News Column

Green machine Elphaba and the Emerald City return to Chicago for a 'Wicked' run

October 25, 2013


The musical blockbuster "Wicked" celebrates its 10-year anniversary on Broadway on Wednesday, Oct. 30. It's also the same day that one of two national tours of "Wicked" returns to Chicago at the Oriental Theatre.

Chicago-area audiences have been very good in the past to the coffers of "Wicked" producers. The musical immediately sold out its original national tour stop in 2005, prompting producers to create the Windy City's own "sit-down engagement" of "Wicked" that lasted more than 1,500

performances at the Oriental Theatre. "Wicked" was also wildly successful during an eight-week return touring engagement at the Cadillac Palace Theatre starting in late 2010.

This time around, there is some TV star power from yesteryear to be found in Oz. John Davidson ("That's Incredible," "Hollywood Squares") is playing the duplicitous Wizard of Oz, while Kim Zimmer (Reva Shayne on "Guiding Light") appears as the scheming sorceress professor Madame Morrible.

At this stage of their careers, both Davidson and Zimmer are happy to be part of an ensemble of a lavishly produced hit show, even if it's in two supporting roles. After all, "Wicked" is really more of a "Wizard of Oz" prequel about the rivalries and friendships of the Oz witches Elphaba (Alison Luff) and Glinda (Jenn Gambatese) before Dorothy and Toto drop in from Kansas.

"I started off doing romantic things, probably because of my looks," Davidson said, noting that his 1967 film debut in the "The Happiest Millionaire" was the last movie project Walt Disney was working on before he died in 1966. "But con men are much more fun, like playing Harold Hill in 'The Music Man,' Starbuck in '110 in the Shade' and the Wizard (in 'Wicked'). It's great stuff to work with because your objectives are so much stronger and your whole purpose is to bamboozle people."

"It's icing on the cake," said Zimmer about playing Madame Morrible. "I get to sing a little, I get to deliver some very funny lines and I get to be a part of a big historic show. When the curtain comes down and the audience gets up on their feet and roars - - it's a wonderful experience."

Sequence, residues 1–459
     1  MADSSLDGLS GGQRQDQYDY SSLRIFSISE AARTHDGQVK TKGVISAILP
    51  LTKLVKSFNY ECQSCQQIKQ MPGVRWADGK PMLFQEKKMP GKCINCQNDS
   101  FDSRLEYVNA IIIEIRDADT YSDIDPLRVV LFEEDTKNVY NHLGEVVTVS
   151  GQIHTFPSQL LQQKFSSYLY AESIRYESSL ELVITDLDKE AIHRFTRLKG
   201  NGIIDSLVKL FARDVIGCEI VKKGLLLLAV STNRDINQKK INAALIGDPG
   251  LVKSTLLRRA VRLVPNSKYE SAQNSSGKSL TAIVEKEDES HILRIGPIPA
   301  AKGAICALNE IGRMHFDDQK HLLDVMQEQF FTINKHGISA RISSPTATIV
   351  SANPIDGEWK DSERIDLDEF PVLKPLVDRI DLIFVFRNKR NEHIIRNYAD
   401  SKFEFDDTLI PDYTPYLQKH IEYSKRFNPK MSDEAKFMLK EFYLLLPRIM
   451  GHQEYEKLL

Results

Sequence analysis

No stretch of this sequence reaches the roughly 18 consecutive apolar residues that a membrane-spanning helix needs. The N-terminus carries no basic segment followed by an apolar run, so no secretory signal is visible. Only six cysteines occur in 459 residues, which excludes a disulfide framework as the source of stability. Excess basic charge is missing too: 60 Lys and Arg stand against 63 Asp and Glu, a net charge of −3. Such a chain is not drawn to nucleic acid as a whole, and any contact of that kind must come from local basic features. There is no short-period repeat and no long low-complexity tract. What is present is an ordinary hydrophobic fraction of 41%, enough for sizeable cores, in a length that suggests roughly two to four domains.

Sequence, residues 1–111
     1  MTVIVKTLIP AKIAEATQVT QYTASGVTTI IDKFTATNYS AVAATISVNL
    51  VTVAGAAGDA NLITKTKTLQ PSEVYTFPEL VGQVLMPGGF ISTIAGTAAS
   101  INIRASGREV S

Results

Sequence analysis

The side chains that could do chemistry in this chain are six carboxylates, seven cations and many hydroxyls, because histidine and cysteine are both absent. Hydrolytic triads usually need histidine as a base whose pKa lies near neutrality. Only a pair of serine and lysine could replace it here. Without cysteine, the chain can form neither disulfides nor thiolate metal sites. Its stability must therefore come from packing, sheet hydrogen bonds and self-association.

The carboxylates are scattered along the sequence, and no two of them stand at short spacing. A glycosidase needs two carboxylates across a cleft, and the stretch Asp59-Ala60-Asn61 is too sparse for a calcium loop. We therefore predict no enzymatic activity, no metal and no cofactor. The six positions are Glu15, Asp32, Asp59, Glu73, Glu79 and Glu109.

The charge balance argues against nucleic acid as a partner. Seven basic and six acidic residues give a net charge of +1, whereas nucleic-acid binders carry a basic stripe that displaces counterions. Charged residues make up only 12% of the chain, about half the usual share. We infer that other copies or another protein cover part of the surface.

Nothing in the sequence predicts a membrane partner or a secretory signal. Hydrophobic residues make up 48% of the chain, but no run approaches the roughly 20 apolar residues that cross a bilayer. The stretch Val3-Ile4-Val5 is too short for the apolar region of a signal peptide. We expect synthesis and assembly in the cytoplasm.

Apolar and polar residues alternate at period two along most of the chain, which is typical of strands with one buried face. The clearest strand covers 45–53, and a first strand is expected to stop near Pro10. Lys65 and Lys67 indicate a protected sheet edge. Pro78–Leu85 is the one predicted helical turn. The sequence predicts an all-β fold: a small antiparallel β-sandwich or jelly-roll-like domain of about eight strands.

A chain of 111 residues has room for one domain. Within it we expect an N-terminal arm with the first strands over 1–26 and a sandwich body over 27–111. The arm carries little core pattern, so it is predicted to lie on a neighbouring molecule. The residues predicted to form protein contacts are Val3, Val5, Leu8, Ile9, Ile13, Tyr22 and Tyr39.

Davidson and Zimmer probably would have been mobbed by adoring fans at the stage door 30 years ago, but younger "Wicked" fans might only recognize them as the characters they play onstage -- if at all.

"The 'Wicked' fans give me a lot of attention and want my autograph because I'm the Wizard, not because I'm John Davidson," said Davidson, who will soon celebrate 50 years in show business and who will turn 72 during the Chicago return of "Wicked."

"Unless people read their programs, they don't know who I am," said Zimmer, who adds that as Madame Morrible, she wears a lot of lavender-colored face makeup and elaborate white wigs. "I'm so disguised in the show that I can just walk right by crowds of people and they have no idea."

Since his 40-week tour with "Wicked" began in April, Davidson and his wife, Rhonda, have been staying in a custom motor coach from city to city, through they're planning on keeping it in storage in Mundelein and finally taking advantage of a hotel during the Chicago run. As for Zimmer, she'll be leaving the company after Chicago following a two-contract run with "Wicked," happy that she'll be able to be at home in New York with her family for the holidays.

When asked if they serve as mentors to the younger ensemble members of "Wicked," both Davidson and Zimmer said they share career advice and anecdotes rather than performance tips.

"So many of these young people are just concerned about playing this role, but my suggestions and what we talk about more is, 'What about the role of Alison Luff or Jenn Gambatese?'" Davidson said. "I always talk to them about things outside 'Wicked,' like how to play Las Vegas, how to make records, how to have a sitcom or get into the movies."

Davidson has his own connection to "The Wizard of Oz," since he made his 1964 Broadway debut in the short-lived musical "Foxy" opposite Bert Lahr, who played the Cowardly Lion in the classic 1939 MGM film.

"(Lahr) was a very frustrated man because he was always trying to make it funnier and make it work," Davidson said. "An incredible man, but he was always hard on himself."

Zimmer also likes to share career anecdotes, and appropriate of being a former soap opera star, her advice on romantic issues, too.

"I am Momma Morrible," Zimmer said with a laugh, regarding cast members' professional and love problems. "I get knocks on my door all the time."

Davidson's and Zimmer's casting in "Wicked" continues in the tradition of having other well-known actors play the Wizard and Madame Morrible on Broadway and on tour like Joel Grey, Carol Kane, Ben Vereen and the late Rue McClanahan.

But that added star power typically hasn't been exploited by producers to sell more tickets.

"It is not a star-driven show at all," Davidson said. "The star of the show is 'Wicked.'"

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